Lifestyle intervention treatment should be on par with treating hypertension.

The American Heart Association (AHA) Science Advisory committee has issued a statement advising healthcare providers to “treat unhealthy behaviors as aggressively as they treat high blood pressure, cholesterol and other heart disease risk factors.”

The statement says that preventing cardiovascular diseases should be a priority especially if the AHA is to achieve its 2020 goal of “improving the cardiovascular health of all Americans by 20 percent while reducing deaths from cardiovascular diseases and stroke by 20 percent.”

Published in the AHA journal Circulation, the statement also calls for a “paradigm shift from only treating biomarkers — physical indicators of a person’s risk for heart disease — to helping people change unhealthy behaviors, such as smoking, unhealthy body weight, poor diet quality and lack of physical activity.” They can do this by creating “inter-professional practices” where they connect patients with behavior change specialists such as dietitians or psychologists.

“We already treat physical risk factors that can be measured through a blood sample or a blood pressure reading in a doctor’s office, yet people put their health at risk through their behaviors. We can’t measure the results of these behaviors in their bodies yet,” explains Bonnie Spring, Ph.D., lead author of the statement and professor of preventive medicine, psychiatry and behavioral sciences at Chicago’s Northwestern University.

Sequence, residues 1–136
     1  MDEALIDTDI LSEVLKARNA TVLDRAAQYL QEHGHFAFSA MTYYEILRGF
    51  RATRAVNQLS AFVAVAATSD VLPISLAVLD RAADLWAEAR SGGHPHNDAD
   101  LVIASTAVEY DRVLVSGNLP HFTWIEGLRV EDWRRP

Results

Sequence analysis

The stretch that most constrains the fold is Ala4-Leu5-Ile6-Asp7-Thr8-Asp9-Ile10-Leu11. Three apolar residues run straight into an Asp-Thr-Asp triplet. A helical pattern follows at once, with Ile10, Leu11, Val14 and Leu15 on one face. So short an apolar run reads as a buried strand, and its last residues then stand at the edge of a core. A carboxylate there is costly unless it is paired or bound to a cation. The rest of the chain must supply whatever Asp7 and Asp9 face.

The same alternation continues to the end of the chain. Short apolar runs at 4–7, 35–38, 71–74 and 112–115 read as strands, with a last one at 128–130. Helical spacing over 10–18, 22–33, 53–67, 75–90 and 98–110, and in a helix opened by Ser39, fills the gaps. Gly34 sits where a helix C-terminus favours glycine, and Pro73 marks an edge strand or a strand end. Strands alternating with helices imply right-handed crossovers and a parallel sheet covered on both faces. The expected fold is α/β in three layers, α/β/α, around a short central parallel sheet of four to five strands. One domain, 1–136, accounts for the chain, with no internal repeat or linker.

In order for “inter-professional practices” to work, insurance compensation policies need to be improved so that registered dieticians, psychologists and others can become part of the primary practice team. An effective healthcare system will enable professionals to work with patients and utilize community and technology resources to provide rigorous behavior interventions.

The AHA advices healthcare providers to implement the five A’s when caring for patients:

    • Assess a patient’s risk behaviors for heart disease
    • Advise change, such as weight loss or exercise
    • Agree on an action plan
    • Assist with treatment
    • Arrange for follow-up care

“This isn’t a problem that can be solved alone by the patient or the doctor who is strapped for time,” Spring said. “We need to break out of our silos and get ahead of the curve in prevention.”

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